I remember my first Christmas as a vegetarian talking with my sister-in-law, who had asked what I was eating now that animals were off the dinner table.
I listed the meals I was making, and as an attempt to show that I was still one of the gang and not so far out there, I capped the conversation with, “But I could never go vegan.” (Add that to the meals I was making; someday I was going to eat those words.)
Not only was it an assurance to her that I wasn’t going to get too carried away with this thing, it was also a nod to the many foods I didn’t think I could live without.
Well, I’ve been vegan for over 7 years now, and so obviously I could, in fact, go vegan. But I still remember the time when that seemed impossible. I didn’t know what would replace so many of my standard, go-to meals.
But I Could Never Go Vegan
Kristy Turner takes those worries head on in her debut cookbook, But I Could Never Go Vegan. She re-imagines the dishes that people have on their respective “couldn’t live without” lists and shows that there are kinder ways to create them.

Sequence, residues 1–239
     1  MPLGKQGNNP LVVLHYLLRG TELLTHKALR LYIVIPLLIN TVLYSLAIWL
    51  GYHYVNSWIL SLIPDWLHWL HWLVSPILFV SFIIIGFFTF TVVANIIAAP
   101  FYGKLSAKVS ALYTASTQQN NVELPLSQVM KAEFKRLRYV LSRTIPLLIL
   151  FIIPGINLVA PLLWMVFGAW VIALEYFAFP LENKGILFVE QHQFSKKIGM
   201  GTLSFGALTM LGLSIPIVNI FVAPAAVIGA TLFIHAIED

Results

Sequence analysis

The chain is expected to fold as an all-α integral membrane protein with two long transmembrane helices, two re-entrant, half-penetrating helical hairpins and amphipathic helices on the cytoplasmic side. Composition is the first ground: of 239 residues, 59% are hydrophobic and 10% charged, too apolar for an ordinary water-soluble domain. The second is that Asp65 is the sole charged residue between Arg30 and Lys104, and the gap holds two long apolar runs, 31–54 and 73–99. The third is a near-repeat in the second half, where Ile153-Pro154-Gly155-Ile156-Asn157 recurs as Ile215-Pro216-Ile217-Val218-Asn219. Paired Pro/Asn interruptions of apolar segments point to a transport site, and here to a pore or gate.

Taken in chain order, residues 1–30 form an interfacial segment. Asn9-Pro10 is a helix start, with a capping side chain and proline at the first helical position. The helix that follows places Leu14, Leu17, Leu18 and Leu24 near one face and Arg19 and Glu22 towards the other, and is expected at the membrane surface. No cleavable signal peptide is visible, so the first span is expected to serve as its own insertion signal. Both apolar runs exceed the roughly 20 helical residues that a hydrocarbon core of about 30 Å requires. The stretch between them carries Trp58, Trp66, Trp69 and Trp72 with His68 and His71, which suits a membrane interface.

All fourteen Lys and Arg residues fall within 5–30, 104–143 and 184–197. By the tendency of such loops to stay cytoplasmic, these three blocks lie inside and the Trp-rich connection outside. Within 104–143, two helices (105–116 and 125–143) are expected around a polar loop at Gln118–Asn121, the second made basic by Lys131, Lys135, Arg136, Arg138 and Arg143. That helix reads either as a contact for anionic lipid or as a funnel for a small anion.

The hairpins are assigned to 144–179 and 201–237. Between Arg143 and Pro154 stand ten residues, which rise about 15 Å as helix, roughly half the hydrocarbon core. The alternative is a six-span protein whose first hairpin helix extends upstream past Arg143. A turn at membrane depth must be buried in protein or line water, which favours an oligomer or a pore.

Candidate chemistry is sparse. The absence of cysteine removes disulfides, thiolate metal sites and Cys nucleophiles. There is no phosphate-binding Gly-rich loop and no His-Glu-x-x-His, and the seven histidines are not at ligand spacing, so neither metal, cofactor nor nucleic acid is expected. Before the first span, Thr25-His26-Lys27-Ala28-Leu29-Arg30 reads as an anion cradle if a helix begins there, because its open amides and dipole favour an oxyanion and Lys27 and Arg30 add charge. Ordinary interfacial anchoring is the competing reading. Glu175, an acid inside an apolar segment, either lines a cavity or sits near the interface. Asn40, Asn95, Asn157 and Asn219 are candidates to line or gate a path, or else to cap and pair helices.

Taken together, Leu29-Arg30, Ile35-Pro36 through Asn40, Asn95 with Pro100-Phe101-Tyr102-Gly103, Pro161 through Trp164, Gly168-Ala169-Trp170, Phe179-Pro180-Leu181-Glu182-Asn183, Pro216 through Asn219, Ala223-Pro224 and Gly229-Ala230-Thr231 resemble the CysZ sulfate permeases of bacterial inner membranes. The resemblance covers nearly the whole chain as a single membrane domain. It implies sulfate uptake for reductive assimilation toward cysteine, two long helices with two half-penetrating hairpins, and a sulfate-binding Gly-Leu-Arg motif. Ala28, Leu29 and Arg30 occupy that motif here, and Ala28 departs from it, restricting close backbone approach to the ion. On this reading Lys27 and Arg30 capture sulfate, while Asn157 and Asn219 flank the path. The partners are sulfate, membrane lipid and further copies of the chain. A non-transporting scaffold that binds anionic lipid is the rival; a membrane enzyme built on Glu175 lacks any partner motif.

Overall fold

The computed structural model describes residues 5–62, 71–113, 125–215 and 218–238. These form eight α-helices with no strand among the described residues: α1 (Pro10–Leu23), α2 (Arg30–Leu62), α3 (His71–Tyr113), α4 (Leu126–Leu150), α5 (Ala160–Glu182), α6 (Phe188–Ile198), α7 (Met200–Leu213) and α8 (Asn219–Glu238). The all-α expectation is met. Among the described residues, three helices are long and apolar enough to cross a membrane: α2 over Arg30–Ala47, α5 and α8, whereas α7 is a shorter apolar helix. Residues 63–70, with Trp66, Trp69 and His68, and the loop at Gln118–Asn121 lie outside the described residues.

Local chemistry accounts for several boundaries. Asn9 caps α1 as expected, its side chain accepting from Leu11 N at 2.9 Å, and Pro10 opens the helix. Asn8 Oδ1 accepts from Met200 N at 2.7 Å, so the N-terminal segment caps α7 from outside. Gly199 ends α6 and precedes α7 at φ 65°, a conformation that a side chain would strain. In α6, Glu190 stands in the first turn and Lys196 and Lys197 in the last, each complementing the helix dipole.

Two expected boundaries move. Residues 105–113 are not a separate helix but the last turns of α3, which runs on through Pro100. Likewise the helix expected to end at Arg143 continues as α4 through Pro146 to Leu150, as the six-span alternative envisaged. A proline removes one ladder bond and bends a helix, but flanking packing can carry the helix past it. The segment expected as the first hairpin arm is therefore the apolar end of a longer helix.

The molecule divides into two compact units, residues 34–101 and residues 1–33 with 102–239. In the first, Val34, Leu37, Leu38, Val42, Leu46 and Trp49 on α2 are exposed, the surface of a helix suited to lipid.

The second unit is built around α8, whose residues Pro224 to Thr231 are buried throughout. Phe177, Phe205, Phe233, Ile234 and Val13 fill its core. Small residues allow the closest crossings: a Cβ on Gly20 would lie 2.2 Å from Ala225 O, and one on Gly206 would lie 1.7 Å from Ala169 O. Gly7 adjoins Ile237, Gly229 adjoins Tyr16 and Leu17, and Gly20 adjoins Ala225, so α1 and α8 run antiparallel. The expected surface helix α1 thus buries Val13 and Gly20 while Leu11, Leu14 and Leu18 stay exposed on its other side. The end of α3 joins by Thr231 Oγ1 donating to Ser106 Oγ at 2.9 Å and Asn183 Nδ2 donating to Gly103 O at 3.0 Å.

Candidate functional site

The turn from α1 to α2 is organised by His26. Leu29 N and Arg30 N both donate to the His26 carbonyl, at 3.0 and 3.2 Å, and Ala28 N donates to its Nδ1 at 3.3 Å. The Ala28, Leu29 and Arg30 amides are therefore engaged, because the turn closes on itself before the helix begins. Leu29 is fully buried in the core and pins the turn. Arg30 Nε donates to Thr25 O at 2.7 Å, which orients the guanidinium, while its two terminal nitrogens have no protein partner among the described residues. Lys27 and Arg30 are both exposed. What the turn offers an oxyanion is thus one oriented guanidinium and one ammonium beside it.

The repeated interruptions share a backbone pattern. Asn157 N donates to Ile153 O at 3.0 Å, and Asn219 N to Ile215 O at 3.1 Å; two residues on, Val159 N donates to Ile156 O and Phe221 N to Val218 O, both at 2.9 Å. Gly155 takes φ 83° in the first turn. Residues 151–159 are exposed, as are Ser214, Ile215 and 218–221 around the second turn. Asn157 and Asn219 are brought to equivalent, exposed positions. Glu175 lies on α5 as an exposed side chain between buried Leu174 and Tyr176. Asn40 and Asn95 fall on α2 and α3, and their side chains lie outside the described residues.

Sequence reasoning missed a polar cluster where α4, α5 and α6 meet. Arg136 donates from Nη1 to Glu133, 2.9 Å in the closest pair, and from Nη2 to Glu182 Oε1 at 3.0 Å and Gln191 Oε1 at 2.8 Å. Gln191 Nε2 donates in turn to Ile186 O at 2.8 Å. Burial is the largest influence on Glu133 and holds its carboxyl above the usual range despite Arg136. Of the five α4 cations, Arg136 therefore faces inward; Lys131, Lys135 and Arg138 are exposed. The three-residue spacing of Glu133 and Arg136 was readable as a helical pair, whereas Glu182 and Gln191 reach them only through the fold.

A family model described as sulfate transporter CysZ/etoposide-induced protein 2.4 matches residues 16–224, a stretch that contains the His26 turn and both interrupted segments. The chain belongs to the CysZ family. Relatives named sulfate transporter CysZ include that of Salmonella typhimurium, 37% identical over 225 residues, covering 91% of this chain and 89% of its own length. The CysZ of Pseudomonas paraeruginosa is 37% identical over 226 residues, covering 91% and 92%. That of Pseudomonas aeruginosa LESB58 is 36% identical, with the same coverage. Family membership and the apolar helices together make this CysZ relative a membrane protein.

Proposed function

Each chapter is dedicated to the litany of excuses and reasons that people give for not going vegan.
- I Could Never Give Up Cheese
- All Those Special Ingredients Are Way More Expensive
- Tofu Doesn’t Taste Like Anything
- It’s All Rabbit Food
With each section, Kristy highlights the ways that a person can be vegan and still eat foods that fill the same space holder.
The book is packed with 125 recipes and loads of photos, including useful step-by-step instructional photos when necessary.
You may already know Kristy from her popular blog, Keepin’ It Kind. (And if you don’t, you should! It’s definitely worth checking out ASAP.)
Kristy creates gorgeous food, and then weaves the recipes into her posts with beautiful storytelling. Her husband, Chris Miller, does the stunning photography for the blog and book.
I’ve been a reader of Keepin’ It Kind almost since its inception, and I knew this book was going to be something really special. Kristy and Chris are also two of my favorite people in the world, and so I couldn’t be more excited and happy for them.